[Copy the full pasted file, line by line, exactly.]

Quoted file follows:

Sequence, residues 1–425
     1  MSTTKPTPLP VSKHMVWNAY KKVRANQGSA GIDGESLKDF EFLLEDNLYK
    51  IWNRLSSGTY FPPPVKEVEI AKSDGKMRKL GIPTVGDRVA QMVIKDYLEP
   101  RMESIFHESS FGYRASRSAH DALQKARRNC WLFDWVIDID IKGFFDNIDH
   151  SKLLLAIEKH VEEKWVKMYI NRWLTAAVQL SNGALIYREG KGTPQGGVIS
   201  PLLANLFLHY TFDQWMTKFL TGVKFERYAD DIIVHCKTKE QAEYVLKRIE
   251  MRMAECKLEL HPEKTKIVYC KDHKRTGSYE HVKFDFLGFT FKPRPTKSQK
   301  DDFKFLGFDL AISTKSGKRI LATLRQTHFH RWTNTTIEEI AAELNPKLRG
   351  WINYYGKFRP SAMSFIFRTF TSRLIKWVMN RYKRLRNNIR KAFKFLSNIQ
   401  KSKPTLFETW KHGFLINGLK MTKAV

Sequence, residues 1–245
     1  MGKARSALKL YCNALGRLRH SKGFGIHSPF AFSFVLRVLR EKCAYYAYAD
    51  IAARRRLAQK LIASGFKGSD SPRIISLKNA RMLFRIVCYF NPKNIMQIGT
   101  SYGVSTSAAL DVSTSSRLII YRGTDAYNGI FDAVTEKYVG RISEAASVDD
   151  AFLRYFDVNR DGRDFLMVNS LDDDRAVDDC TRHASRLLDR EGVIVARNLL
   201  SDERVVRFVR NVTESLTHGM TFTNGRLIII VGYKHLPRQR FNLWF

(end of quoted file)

Sequence, residues 1–425
     1  MSTTKPTPLP VSKHMVWNAY KKVRANQGSA GIDGESLKDF EFLLEDNLYK
    51  IWNRLSSGTY FPPPVKEVEI AKSDGKMRKL GIPTVGDRVA QMVIKDYLEP
   101  RMESIFHESS FGYRASRSAH DALQKARRNC WLFDWVIDID IKGFFDNIDH
   151  SKLLLAIEKH VEEKWVKMYI NRWLTAAVQL SNGALIYREG KGTPQGGVIS
   201  PLLANLFLHY TFDQWMTKFL TGVKFERYAD DIIVHCKTKE QAEYVLKRIE
   251  MRMAECKLEL HPEKTKIVYC KDHKRTGSYE HVKFDFLGFT FKPRPTKSQK
   301  DDFKFLGFDL AISTKSGKRI LATLRQTHFH RWTNTTIEEI AAELNPKLRG
   351  WINYYGKFRP SAMSFIFRTF TSRLIKWVMN RYKRLRNNIR KAFKFLSNIQ
   401  KSKPTLFETW KHGFLINGLK MTKAV

Sequence, residues 1–245
     1  MGKARSALKL YCNALGRLRH SKGFGIHSPF AFSFVLRVLR EKCAYYAYAD
    51  IAARRRLAQK LIASGFKGSD SPRIISLKNA RMLFRIVCYF NPKNIMQIGT
   101  SYGVSTSAAL DVSTSSRLII YRGTDAYNGI FDAVTEKYVG RISEAASVDD
   151  AFLRYFDVNR DGRDFLMVNS LDDDRAVDDC TRHASRLLDR EGVIVARNLL
   201  SDERVVRFVR NVTESLTHGM TFTNGRLIII VGYKHLPRQR FNLWF